Having a set of wheels is a rite of passage for most teenagers and our love affair with the car shows no sign of diminishing. Having a car represents freedom to go where you want, when you want, unless, that is, you're a disabled person who uses a wheelchair. Then it gets tricky.
Before you even get to deal with able bodied people parking in disabled bays or negotiating public spaces, you have to get a vehicle with wheelchair access, because that's the only real route to independence and freedom. There are the essential uses, like shopping for food and clothes; getting to doctors' surgeries and hospital appointments, and popping to the local collection point for your online purchases. Everyone needs a car for the basics of life and there's no reason why people should be dependant just because they have to use a wheelchair.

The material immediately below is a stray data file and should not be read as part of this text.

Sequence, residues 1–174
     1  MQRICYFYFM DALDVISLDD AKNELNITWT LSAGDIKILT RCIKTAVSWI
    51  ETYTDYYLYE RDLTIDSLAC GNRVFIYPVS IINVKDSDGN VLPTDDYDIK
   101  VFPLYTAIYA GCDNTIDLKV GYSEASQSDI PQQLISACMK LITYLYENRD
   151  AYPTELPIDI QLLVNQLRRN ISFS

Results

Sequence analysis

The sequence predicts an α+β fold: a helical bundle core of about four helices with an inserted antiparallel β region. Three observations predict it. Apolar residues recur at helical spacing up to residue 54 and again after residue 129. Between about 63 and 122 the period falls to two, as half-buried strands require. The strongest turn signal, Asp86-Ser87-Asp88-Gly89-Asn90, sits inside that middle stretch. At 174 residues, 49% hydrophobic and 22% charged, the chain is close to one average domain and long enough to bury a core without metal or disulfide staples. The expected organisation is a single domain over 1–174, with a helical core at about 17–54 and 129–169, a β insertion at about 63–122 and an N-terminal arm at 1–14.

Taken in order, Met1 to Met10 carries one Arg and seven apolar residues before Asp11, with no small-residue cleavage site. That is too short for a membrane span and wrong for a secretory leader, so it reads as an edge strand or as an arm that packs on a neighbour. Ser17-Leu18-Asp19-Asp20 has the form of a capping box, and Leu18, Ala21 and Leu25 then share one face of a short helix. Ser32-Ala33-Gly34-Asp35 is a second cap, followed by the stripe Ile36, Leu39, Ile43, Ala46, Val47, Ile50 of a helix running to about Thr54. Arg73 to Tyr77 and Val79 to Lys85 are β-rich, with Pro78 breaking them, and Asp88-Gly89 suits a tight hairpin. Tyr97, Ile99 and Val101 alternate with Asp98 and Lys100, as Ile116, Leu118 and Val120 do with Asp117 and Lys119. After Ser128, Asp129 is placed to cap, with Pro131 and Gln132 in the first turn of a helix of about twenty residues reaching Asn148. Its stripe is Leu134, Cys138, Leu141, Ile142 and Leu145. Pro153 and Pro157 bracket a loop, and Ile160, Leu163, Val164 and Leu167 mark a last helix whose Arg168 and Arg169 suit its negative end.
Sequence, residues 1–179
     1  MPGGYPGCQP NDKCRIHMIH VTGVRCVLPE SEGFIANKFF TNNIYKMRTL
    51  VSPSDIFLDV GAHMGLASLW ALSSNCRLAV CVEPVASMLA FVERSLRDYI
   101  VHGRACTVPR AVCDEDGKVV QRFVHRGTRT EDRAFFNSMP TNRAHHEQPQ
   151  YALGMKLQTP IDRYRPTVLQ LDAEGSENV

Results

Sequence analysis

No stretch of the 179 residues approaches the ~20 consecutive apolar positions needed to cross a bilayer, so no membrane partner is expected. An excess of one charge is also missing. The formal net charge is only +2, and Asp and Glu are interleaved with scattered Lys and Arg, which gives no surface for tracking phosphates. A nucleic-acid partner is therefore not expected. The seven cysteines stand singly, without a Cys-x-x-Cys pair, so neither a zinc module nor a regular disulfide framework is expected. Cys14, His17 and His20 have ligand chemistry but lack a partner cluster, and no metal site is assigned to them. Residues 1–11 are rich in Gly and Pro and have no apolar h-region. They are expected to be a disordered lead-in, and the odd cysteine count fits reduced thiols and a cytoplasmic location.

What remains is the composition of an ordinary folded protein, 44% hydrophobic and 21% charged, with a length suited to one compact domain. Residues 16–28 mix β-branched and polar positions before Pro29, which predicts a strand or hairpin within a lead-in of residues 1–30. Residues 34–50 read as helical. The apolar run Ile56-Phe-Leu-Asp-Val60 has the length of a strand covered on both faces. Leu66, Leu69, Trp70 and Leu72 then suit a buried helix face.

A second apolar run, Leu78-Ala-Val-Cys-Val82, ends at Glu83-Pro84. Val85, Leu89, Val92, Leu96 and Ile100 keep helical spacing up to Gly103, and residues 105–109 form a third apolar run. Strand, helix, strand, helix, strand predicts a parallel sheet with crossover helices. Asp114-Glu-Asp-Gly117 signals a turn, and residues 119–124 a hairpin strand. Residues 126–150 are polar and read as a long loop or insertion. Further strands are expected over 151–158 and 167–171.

But a car can empower you do to do so much more than just the essentials; things like going out for a meal or a drink with friends, going away for the weekend to visit friends or spending as much time as you choose shopping for clothes. With a car, we can enjoy a social life. Without one, we become isolated.
Public transport is one solution if you happen to live in area where you can get to a bus or tram, but you're still reliant on help. Flying or travelling by train require so much advance planning that sometimes it hardly seems worth it. So, a wheelchair accessible car isn't just a luxury for disabled people, it's a key to independent living, to an active social life and to living with dignity and independence.
And whether we're wheelchair bound or able bodied, that's what we all want for ourselves.